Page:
4 unexpected ways to pay for gifts.
We've talked about the financial burden of the holidays and life events. Some of those costs are trimmings and trees, feasts and festivities, but the tradition of gift giving can be especially weighty. I am surrounded by creative people who make amazing handcrafted gifts. With our own extended family, we've explored gift giving to just one adult by random drawing or gift exchange. I know of others who have questioned the tradition of gifts altogether, putting the focus back on quality time spent together.
All of these alternatives are amazing ways to reduce the costs of the holiday seasons and put the focus back on meaning. But sometimes this just won't do. Some relationships we would prefer to honor and recognize in the traditional way - with a meaningful gift, selected with love. Below are four ways that I've used to pay for gift shopping without spending a cent from my bank account (and one additional tip for saving money on gifts that do cost cash):
- Mistakes from the past became cash in hand.
There are some perks to being someone who is new to intentional spending. Correcting less thrifty choices and habits from the past gives lots of room for big wins. It also put some surprising resources at my disposal. If you have unused purchases collecting dust, you can take these items back to the store and immediately have cash or store credit in hand for your holiday shopping. At many places, this won’t even require a receipt. In my case, I had some boots that I purchased in August (yes, three months ago) whose color was always never quite right to go with any of my clothes (not to mention that they were wholly unnecessary). I eliminated some clutter by bringing those boots back to the store. While I didn’t have a receipt, I could present the card that they were purchased on. A moment later, I had $65 back in my pocket that could be spent on others. If the store had offered my refund on a gift card (as I expected), it still would have provides for some great gift shopping.
- Used books (records, movies, etc) became new again!
My husband and I recently undertook a big project organizing our books and records. The end result (besides a well-organized bookcase full of the things we love best) was about three boxes of books that no longer felt essential to us. (To be fair, I had been hanging on to some for a few years with the idea of opening a little free library.) To turn these books into Christmas gifts, I brought them to a used bookstore where they earned us $55 in credit that we can use to surprise the many readers on our list. The store even ordered me in a selection they didn’t have in-stock, conveniently getting my holiday shopping started. This technique can be used with other kinds of media as well. Some stores (like Half Price Books) will also accept used movies and music. Many records stores will also take used offerings.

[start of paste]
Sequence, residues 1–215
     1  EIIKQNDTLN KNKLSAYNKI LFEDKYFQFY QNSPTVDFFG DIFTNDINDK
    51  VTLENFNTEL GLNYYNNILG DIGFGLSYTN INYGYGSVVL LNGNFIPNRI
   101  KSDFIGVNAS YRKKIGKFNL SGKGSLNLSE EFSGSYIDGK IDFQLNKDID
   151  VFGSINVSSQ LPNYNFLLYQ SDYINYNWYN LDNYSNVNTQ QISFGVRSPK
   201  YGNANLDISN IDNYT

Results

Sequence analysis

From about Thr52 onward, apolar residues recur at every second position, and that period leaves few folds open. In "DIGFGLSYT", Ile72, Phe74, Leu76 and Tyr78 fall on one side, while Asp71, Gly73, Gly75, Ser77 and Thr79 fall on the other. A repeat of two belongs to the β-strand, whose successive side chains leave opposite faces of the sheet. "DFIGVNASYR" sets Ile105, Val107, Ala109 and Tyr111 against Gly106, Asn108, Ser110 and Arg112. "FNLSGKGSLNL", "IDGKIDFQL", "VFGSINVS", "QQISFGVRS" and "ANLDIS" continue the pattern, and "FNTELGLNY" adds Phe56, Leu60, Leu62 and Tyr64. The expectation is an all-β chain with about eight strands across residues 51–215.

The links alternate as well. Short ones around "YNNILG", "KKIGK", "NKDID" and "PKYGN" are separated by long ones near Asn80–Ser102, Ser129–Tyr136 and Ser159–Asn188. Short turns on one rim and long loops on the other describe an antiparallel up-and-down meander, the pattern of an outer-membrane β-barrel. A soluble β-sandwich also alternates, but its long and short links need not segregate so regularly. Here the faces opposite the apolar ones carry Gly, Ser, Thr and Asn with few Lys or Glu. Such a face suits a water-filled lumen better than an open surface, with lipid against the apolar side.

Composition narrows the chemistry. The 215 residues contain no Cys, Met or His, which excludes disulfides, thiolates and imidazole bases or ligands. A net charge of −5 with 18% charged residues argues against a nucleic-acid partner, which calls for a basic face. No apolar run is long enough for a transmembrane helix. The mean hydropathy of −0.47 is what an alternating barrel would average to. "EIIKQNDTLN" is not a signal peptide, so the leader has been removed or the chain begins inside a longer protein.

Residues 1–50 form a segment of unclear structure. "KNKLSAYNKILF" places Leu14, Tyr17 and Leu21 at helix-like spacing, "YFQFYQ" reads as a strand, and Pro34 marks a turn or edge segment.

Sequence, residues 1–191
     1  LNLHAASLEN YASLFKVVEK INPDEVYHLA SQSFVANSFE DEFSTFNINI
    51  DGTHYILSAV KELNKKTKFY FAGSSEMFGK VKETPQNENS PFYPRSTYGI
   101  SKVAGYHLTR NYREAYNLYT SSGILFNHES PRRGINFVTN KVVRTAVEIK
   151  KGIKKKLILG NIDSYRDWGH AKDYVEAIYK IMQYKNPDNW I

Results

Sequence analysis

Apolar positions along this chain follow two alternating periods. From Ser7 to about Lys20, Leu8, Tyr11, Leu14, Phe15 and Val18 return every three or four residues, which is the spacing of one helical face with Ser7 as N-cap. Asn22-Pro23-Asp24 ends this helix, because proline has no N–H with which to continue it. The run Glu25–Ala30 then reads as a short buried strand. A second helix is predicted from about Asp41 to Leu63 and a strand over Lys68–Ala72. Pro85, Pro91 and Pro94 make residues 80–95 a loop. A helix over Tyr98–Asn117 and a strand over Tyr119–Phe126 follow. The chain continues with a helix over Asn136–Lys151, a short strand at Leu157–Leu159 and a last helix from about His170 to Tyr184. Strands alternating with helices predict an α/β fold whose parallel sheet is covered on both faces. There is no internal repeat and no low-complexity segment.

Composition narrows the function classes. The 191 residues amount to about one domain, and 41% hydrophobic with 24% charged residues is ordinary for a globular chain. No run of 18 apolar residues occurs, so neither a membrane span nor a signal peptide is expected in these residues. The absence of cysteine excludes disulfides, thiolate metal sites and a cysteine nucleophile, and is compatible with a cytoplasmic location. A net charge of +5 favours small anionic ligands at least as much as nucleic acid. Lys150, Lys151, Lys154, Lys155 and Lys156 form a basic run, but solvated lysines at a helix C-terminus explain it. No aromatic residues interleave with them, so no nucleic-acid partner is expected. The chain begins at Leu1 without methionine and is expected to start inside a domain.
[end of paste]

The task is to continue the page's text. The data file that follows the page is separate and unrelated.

- Gift cards became the easiest re-gift to ever be regifted.
Yes, gift cards in your pocket can provide a nice treat now and again (especially for those of us trying to limit our spending). However, they can also be regifted or used to buy gifts for the folks you love. Sometimes generosity feels just as good as treating ourselves.
- Old stuff became shiny new toys.
As part of my journey to ensure that my time, money, and energy are mindfully spent, I started the process of decluttering our home. (If you need to be convinced of the financial benefits of decluttering and limiting future purchases, you should watch this.) It’s a slow process, but some of the things that we no longer need do have value to others. Because I’m hoping to put cash in our pocket in time for the holidays, I’ve been using easy apps like OfferUp or sites like Craigslist to sell the items that have some cash value. A quick skim of whichever sales platform you want to use will tell you whether others are buying similar items and how much they’re selling for. Different apps and websites appeal to different kinds of people. If what you have isn’t selling on one platform, then check another before giving up hope. Be sure to include lots of descriptive words, sizes (if shoes or clothing), and measurements for things like furniture to increase the odds of your item appearing in a search and to ensure a potential buyer has the info they need to make a decision.
While these four tips focus on how to rustle up brand new holiday gifts for the ones you love, used things can make for a great gift at times too. (No, really!) The year my son got really excited about Ping Pong, I found a high-quality Ping Pong table that still looked brand new for about half of its original price. Not only did I save money, I would have had to settle for a much lower quality item if I’d paid retail price. No small benefit of this purchase: this amazing used Ping Pong table arrived PRE-ASSEMBLED!!!!
Need another fun example? I have some friends that host a gift exchange that people look forward to all year. They as hosts provide ALL the gifts for the exchange. This is affordable because every unique and sometimes unbelievable item is a result of the garage sales they shop avidly throughout the year. They also save and reuse the gift bags from year-to-year. The gifts range from ridiculous to beautiful to hilarious to rare.
I am continuing to question the ways I think about the holidays. I'm working on ways that our family can honor traditions and memories instead of materialism. I am trying to give gifts, no matter what they are, that stand as strong messages of love and thoughtfulness instead of just dollars.